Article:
By contrast, assays for p.R462W in CBLB and for p.Q419PfsX81, p.E392K and p.P435S in CBLC (Online Supplementary Figure S1) showed no significant differences (P>0.05) in proliferation rates.
In the last few years the detection of regions with acquired loss of heterozygosity in some patients, mainly caused by acquired uniparental disomy, has allowed the identification of candidate genes that may be mutated in myeloid neoplasms. One of these genes is CBL, which codes for an E3-ubiquitin ligase protein. Cbl family proteins (CBL, CBLB and CBLC) play an important role as regulators of several signaling pathways promoting the ubiquitination and degradation of some RTK and CTK,44 many of which are involved in these diseases.4,45,46
The first CBL mutation identified was p.R420Q, affecting the RING finger domain in a patient with AML.28 Subsequently, other mutations have been reported with variable frequencies in myeloid neoplasms, affecting not only the RING finger domain but also the linker region (Figure 1). These events have been observed in 1–33% cases of secondary AML, 1–7% of MPN and 2–33% of MDS/MPN and AML,18–23,28–39 but their frequencies could be as high as 85–90% in patients with loss of heterozygosity in 11q.18–20,22,23,33 Some reports have also described that 7% of patients with non-small cell lung cancer have CBL mutations, so this gene can be mutated in other types of tumor.47 CBLB mutations and CBLC missense polymorphisms affecting the RING finger domain have also been described in myeloid neoplasms but at a lower frequency and with unknown effects.22,23,29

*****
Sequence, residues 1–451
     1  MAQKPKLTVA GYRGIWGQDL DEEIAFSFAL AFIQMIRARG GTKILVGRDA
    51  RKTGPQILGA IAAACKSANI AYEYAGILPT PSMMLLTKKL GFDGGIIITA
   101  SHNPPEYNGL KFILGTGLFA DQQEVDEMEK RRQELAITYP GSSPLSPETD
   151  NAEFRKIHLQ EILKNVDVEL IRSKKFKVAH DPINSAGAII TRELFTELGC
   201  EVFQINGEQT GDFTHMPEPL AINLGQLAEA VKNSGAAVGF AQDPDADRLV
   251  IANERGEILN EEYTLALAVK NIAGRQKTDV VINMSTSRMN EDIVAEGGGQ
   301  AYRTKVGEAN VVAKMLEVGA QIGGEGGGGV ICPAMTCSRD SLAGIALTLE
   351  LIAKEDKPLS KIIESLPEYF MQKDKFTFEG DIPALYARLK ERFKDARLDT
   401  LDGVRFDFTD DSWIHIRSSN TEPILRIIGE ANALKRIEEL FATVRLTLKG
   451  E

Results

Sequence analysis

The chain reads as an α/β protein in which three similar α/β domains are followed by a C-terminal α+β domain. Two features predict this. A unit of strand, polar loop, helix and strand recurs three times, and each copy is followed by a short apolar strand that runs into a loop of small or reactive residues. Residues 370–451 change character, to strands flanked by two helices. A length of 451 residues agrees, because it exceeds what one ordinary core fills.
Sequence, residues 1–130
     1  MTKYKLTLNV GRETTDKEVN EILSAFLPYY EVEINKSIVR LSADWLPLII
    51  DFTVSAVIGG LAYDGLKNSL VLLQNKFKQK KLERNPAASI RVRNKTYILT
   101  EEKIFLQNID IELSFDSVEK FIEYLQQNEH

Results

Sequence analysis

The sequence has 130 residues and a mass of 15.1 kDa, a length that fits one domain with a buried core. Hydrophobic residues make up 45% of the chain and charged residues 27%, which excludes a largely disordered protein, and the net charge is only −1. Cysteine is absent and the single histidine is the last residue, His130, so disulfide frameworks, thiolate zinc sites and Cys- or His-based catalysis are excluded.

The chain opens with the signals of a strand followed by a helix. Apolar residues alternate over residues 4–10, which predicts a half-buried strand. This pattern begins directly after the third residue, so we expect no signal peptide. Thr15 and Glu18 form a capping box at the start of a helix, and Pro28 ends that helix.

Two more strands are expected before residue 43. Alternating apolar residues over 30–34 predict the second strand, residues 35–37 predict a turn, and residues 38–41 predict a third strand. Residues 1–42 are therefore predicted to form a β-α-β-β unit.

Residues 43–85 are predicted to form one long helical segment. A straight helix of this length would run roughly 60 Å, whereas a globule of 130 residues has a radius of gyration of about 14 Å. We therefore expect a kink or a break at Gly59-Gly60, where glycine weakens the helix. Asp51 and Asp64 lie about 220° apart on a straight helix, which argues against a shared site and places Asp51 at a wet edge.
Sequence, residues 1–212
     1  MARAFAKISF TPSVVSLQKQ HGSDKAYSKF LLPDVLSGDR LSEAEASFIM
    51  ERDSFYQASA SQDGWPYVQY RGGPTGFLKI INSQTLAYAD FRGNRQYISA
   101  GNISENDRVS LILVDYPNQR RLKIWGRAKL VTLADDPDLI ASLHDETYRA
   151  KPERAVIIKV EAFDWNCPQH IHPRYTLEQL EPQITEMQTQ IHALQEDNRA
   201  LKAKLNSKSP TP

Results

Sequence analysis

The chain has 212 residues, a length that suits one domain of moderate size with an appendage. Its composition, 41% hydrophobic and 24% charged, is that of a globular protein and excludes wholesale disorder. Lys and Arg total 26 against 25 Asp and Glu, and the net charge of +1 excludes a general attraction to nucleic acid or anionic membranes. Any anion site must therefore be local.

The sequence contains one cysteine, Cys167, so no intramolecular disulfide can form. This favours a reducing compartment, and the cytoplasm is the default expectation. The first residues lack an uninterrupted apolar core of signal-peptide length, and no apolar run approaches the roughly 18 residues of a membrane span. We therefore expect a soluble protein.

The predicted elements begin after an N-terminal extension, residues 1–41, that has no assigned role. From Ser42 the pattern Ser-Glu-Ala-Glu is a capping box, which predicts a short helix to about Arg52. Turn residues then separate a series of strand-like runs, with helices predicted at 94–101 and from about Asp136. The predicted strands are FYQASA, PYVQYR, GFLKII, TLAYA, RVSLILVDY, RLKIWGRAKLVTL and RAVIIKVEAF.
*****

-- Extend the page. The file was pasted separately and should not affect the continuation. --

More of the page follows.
In this study we searched for mutations in CBL, CBLB and CBLC in a cohort of 404 V617FJAK2-negative and -positive MPN patients not selected for the presence of loss of heterozygosity in 11q. Our results show that CBL is mutated in V617FJAK2-negative MPN at a frequency similar to that previously reported (p.C416W and p.A678V; 1.2%, 2/172, Table 1).49 Both patients with mutations were initially diagnosed as having atypical MPN (2/21; 9.5%), although in one of them the disease evolved to CMML due to the development of dysplastic features. CMML is the disease with the highest frequency of CBL mutations reported to date.18–20,22,34 None of these mutations had been previously described and, notably, p.A678V was located in the proline-rich domain. In V617JAK2-positive MPN we found two mutations affecting the RING finger domain (p.T402HfsX29 in a patient with ET and p.P417R in a patient with PMF) and a recurrent change in the proline-rich domain (p.S675C in a patient with ET and in another one with PV) of CBL. Although TET2, ASXL1 and JAK2 mutations have been found concurrently,50 CBL mutations and V617FJAK2 seemed to be mutually exclusive events.13,21,26,51 However, we have found a similar frequency of CBL mutations in both V617FJAK2-positive and V617FJAK2-negative patients (Table 1), suggesting that the prevalence of CBL mutations could increase if V617FJAK2-positive patients were also included in CBL mutational studies. Unfortunately, we cannot know whether both mutations are in the same or in different clones or whether they are monoallelic or biallelic because of the type of sample available. None of the V617FJAK2-positive cell lines analyzed (HEL, SET-2 and UKE-1) showed CBL mutations that might help us to elucidate how both events could cooperate to drive the disease.43